The RSPCA said it had received a number of complaints from members of the public after the programme aired on Saturday, and that there had also been concern over the use of a crocodile on the show.
"We can confirm that we are looking into the issues raised and are writing to the production company to voice our concerns,” a spokesman said.
"We would encourage anyone who has concerns over the use of animals in TV shows to write to Ofcom.”
But Mrs Grinnell said she had taken every step possible to ensure that the new owners were responsible, suitable and kind. She said this was her first – and last – litter.
"My dog had puppies and I have lived, slept and breathed them throughout the entire process,” she said. "I live at the vets getting my dogs looked after properly and doing everything correctly. My vet said he’d never seen a litter so well cared for.
"The family who won the puppy has been home-checked, and vets have visited the property. They have wanted a puppy for a long time – it wasn’t just a random prize. I met the family and they knew well in advance that they were getting him.
"He appeared for the filming of the show at six weeks of age but I said that was too young to go to a new home, so he went to them a week later. During filming he was with the family and away from me for a maximum of five minutes and he then came back to me again. I was with him the entire time, before and after. I then took him home and they received him a week later after having time to prepare for the puppy.
"We have been in touch since and I have received pictures of him. My vet was happy for him to go at seven weeks and books tell me that is a good time too.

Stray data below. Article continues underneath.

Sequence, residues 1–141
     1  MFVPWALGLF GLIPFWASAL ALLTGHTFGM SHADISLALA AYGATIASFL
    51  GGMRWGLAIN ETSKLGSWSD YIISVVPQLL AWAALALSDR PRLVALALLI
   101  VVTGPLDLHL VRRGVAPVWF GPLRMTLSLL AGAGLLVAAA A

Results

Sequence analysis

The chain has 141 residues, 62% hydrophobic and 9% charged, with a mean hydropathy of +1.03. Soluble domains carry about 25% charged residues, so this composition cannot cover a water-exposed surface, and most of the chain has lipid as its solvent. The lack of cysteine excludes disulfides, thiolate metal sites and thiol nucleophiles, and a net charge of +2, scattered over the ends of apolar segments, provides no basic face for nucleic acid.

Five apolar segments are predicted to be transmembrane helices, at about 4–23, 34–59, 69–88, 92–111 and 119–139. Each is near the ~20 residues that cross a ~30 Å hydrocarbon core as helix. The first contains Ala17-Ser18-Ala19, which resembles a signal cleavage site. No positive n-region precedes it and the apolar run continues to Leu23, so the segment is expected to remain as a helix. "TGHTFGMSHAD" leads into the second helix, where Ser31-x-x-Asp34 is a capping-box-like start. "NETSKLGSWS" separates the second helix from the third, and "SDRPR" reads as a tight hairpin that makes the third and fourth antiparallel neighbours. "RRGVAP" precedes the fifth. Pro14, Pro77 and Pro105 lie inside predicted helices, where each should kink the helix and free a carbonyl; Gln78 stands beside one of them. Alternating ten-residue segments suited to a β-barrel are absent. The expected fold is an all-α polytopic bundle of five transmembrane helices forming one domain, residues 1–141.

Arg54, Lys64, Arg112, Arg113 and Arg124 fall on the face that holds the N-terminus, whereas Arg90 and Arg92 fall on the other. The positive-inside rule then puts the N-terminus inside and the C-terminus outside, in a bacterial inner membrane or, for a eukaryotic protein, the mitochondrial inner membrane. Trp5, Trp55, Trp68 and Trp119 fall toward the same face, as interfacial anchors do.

"My dogs and those puppies are my life, my babies. When the show first contacted me I said no at first. I’m not a breeder and I don’t show, I have a bitch and a dog and that will be my first and only litter.”
Mrs Grinnell said she had now had the bitch spayed and her dog neutered.
"I was gobsmacked at the reaction…,” she said. "But I can sleep at night because I know how much love, care and attention I give my dogs and puppies. The child who won it is eleven but the father has taken responsibility for the Pug…
"(The puppy) was simply a present to a very loving family, and after meeting them a few times now would have let them have one of my puppies anyway. If only ITV would have said something at the start or end of the show explaining the checks that had gone into the family, the thought that had gone into getting a puppy and the preparation needed for a puppy, the general public and children watching the show would be more informed. After all a puppy is for life; they don’t stay puppies for long, and turn into dogs who need a lot of care in return they give you love and loyalty.”
A spokesman for the show said: "An independent, qualified vet visited each home in advance of the show to conduct a thorough check before the rehoming process, to ensure that each family understood the commitment and responsibility involved.”
Val Jones, 03/05/2012
I am not sure how the breeder can say "I met the family and they knew well in advance that they were getting him". The competition was advertised on a casting site on 16/4 and so far as I know recorded on 20/4 so they hardly knew 'well in advance' if it is true that they were vetted once they had been selected! I doubt all that could have been done in 4 days and still give them lots of advance notice!
Slightly pedantic perhaps but it should be pointed out that Lemonaid is not presented by comedian Keith Lemon. It is presented by comedian Leigh Francis playing the character of Keith Lemon